Q2 Trends in Transportation: Insights From Trucking Industry Experts

The first quarter is over, and the transportation industry took a bit of a proverbial beating. One of the most recent closures was a California-based family-owned company that had been in business for 70 years. Boateng Logistics, Convoy, J.J. & Sons Logistics, Meadow Lark, and Yellow Freight have also closed down lately.

What’s going to happen in the second quarter? Our expert shares some Q2 trends in transportation that you need to pay attention to.

Supply and Demand

When 2023 came to an end, the drop in van load-to-truck ratios was down more than 40%. Reeder load-to-truck ratios were down more than half. The bottom line is there are more trucks than work in areas, and that’s not good. It’s leading to a very competitive market.

Because there are more trucks than work, dry van rates dropped by about 3 cents per mile at the end of 2023. Reefer rates were down about 10 cents per mile. They’re still better than in 2020, but when grocery prices, insurance, and interest rates are so much higher, it’s not ideal to have spot rates dropping.

An Unstable Economy

The nation’s top economist warned that the economy is headed for a recession. The Economic Cycle Research Institute’s (ECRI) Leading Economic Index started a decline. In 120 years, that sign of a recession has only been wrong once. The job market and GDP growth are also stagnant in some areas, which is also alarming.

Last year, the Fed expected to start lower rates following the improvements experts were seeing last year. However, recent announcements are that the expected June rate cut won’t happen at all. Interest rates on everything from truck loans to business loans and credit cards to lines of credit remain higher than many have ever seen before.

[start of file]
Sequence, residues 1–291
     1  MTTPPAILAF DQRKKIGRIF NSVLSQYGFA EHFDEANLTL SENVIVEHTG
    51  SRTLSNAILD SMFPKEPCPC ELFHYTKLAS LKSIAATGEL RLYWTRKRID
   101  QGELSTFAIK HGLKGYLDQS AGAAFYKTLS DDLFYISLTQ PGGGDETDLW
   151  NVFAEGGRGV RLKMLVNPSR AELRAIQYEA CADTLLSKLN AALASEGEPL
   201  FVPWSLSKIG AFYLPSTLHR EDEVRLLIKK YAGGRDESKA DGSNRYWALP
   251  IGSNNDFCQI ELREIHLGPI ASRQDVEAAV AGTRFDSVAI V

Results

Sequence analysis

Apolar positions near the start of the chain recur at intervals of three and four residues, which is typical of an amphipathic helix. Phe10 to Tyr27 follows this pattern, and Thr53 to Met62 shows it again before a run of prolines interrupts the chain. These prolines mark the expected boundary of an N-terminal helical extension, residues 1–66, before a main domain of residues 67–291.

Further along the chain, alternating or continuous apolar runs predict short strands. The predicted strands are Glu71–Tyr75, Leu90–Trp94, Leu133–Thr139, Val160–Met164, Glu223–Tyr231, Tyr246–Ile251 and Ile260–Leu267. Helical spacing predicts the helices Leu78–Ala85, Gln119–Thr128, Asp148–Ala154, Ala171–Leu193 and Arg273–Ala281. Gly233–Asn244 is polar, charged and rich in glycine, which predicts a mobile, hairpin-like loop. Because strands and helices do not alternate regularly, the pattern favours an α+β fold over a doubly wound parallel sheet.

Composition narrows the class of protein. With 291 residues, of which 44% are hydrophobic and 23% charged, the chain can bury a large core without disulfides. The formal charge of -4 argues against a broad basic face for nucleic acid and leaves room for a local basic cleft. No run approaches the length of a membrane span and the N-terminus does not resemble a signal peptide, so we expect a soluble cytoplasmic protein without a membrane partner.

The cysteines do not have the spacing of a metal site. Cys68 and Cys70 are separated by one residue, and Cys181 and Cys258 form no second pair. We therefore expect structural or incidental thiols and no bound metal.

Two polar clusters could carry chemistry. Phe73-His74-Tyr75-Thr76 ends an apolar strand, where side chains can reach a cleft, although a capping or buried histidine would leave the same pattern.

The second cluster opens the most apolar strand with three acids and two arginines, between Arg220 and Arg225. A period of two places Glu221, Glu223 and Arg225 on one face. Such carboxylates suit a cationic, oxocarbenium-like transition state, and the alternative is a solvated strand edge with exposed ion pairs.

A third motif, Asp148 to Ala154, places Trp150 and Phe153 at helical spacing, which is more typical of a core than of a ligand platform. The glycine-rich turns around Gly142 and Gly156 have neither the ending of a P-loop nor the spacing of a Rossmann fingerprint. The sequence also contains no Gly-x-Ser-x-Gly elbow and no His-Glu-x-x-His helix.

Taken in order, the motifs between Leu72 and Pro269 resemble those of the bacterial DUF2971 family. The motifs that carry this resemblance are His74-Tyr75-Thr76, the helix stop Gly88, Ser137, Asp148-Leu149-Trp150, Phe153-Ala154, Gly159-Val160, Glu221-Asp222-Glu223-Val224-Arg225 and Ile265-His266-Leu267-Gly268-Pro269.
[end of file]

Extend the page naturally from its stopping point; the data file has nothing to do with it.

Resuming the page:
Slower job growth, higher prices of goods and services, and higher interest rates are a triple whammy. They all impact a consumer’s spending power. If they’re not spending, less cargo and freight is moving around.

Unpredictable Weather

Weather patterns have created some unbelievable disasters. The high tides caused large portions of Maine and New Hampshire’s coast to flood and destroy homes and businesses. Days of heavy rain caused large portions of New England to flood. Even areas like San Diego saw historic flooding. With each of these natural disasters or emergency declarations, supplies are essential.

If you’ve never considered applying to haul FEMA loads, it’s time. FEMA lists 114 natural disaster and emergency declarations for 2023. In Q1 of 2024, there have already been 19 reported disasters and emergency declarations. When there’s a natural disaster, FEMA needs to get supplies to people as quickly as possible.

The items you haul might be non-perishable foods, blankets and clothing, building supplies, or temporary housing. FEMA loads pay more than average. The 2024 application process is over, but it’s a good time to start getting paperwork together in order to apply in 2025.

The other thing to keep in mind with the weather is that the roads you rely on may suddenly shut down. Temporary interstate closures are possible in snow squalls or blizzards. If a bridge or road washes out with heavy rains, it’s going to lead to detours that may put a driver off the planned schedule. Always have the technology in place for quick rerouting. Make sure your drivers can reach your dispatcher if something happens.

Advancing Technology

Technology is also changing the game. Some of them may already be used in your trucks. If not, it’s a good time to consider these upgrades.

Electronic Logging Devices